New Publication Establishes Road Map for Future of Public Health Services & Systems Research
LEXINGTON, KY (April 24, 2012) - A new publication highlights a road map for the growth of research that looks at how public health agencies and their partners can most effectively and efficiently keep people healthy and safe.
A special supplement to the May issue of the American Journal of Preventive Medicine (AJPM) outlines the new agenda for public health services and systems research (PHSSR), a multi-disciplinary field of study that examines the organization, financing, delivery and quality of public health services within communities and the impact of those services on public health.
Announced at the fifth Keeneland Conference on PHSSR in Lexington, Ky., the supplement is the culmination of an effort by the Robert Wood Johnson Foundation (RWJF), the Centers for Disease Control and Prevention, the National Coordinating Center for Public Health Services and Systems Research, the Altarum Institute and various other research and practice organizations to formalize a research agenda for the developing field of PHSSR.
“The supplement looks at gaps where we in public health lack knowledge, pinpointing areas that need attention, whether from researchers, practitioners or policy-makers – or all three,” said Dr. F. Douglas Scutchfield, director of the National Coordinating Center for PHSSR, which is funded by RWJF and housed at the University of Kentucky College of Public Health. “By informing those interested in public health services and systems about what we have learned thus far and presenting a guide to where it’s headed, the supplement will shape public health research, practice and policy for years to come.”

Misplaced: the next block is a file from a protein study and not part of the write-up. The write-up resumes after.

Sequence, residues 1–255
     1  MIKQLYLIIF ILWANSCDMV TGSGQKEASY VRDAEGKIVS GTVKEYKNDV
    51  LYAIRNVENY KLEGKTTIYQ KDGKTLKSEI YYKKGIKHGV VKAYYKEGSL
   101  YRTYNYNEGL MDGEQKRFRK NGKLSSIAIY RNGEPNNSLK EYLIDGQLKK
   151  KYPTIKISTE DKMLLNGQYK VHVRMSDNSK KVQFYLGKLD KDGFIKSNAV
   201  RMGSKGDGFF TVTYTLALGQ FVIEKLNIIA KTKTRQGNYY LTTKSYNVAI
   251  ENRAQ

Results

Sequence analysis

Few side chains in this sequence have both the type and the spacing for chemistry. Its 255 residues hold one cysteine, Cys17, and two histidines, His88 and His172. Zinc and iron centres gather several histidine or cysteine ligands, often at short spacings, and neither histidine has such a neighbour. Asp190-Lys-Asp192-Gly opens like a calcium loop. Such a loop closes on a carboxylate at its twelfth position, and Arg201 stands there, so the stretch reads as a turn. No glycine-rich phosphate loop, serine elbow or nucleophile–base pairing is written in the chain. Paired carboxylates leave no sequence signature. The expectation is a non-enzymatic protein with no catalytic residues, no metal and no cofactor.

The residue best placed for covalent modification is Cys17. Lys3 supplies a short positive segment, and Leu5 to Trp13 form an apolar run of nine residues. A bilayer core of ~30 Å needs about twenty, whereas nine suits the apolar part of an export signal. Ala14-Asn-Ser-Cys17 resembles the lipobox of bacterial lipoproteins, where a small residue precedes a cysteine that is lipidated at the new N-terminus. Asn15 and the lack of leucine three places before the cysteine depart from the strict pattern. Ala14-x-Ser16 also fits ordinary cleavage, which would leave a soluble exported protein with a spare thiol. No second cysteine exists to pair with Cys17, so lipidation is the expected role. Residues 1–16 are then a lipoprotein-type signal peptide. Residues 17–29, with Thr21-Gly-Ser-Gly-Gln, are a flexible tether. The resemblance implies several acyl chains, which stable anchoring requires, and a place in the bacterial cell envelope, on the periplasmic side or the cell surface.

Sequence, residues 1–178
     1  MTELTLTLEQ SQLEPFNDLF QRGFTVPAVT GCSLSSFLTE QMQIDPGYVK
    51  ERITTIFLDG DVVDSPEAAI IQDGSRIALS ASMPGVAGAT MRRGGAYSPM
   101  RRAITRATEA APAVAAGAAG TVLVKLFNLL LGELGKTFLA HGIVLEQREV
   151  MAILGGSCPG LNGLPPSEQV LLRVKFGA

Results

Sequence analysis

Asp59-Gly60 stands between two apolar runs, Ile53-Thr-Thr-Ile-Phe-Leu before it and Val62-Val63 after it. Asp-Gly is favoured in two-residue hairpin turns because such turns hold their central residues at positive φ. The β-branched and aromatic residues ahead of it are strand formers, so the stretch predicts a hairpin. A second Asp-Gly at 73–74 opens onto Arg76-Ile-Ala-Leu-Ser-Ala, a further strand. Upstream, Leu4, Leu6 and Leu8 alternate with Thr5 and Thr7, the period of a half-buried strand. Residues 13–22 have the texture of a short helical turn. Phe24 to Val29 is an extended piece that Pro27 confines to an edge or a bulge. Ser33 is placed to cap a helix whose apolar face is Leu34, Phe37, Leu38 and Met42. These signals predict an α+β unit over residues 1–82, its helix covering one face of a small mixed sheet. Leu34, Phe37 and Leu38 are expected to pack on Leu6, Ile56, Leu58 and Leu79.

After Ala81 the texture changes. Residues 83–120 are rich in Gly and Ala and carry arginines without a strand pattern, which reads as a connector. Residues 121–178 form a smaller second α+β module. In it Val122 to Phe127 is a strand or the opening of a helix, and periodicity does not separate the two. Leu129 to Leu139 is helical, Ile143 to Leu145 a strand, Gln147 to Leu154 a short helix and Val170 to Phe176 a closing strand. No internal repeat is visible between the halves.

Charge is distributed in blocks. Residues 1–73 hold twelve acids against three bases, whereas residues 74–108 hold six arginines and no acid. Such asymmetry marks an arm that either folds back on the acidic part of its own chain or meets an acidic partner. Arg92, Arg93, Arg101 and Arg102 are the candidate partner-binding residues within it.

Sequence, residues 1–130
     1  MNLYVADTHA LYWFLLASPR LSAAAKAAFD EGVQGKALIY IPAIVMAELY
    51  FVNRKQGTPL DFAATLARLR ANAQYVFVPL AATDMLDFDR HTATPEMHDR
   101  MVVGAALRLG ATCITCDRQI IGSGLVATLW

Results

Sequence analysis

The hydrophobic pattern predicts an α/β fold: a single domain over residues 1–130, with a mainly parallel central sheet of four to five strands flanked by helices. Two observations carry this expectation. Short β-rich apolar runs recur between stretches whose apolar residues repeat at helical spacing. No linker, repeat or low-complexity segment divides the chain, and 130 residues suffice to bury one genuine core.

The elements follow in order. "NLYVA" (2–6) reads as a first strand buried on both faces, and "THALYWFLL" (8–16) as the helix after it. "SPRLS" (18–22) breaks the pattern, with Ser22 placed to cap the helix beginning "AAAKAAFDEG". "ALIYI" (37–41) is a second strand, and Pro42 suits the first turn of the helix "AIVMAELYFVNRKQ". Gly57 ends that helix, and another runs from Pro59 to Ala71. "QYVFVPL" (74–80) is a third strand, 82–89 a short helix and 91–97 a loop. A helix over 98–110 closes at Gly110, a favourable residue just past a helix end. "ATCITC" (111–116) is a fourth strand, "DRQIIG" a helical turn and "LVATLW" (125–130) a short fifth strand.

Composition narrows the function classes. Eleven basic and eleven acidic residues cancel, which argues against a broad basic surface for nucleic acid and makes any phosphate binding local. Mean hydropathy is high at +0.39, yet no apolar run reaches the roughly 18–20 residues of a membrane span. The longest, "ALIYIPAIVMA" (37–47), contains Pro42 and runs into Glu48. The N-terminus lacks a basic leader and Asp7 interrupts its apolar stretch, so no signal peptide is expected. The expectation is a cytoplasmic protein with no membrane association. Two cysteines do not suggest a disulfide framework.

- The new research agenda addresses issues surrounding public health workforce; system structure and performance; financing and economics; and information and technology. For example, the agenda urges a closer look at such questions as: What effect has the economic recession had on how public health services are funded – and whether they’re effective and efficient, despite the financial challenges and demand for services?
- How does the size and composition of the public health workforce affect how public health services are delivered?
- How does the organizational structure of public health systems – for example, county versus regional health departments – affect health outcomes?
The agenda also will be used to track the work of the research community, resulting in a better means to guide the evolution of the research agenda.
“The agenda is a navigational tool for the field, providing needed focus and an intellectual guide post for the future of PHSSR,” said Debra Joy Pérez, assistant vice president in Research and Evaluation for the Robert Wood Johnson Foundation. “Ultimately, the goal is for the agenda to provide guidance that will drive more practice-relevant research in the field and support decision-making in public health to improve the health and well-being of communities.”
The American Journal of Preventive Medicine is the official journal of The American College of Preventive Medicine and The Association for Prevention Teaching and Research. AJPM publishes original research and review articles in the areas of prevention research, teaching, practice, and policy.
To view the supplement, visit the National Coordinating Center website at www.publichealthsystems.org
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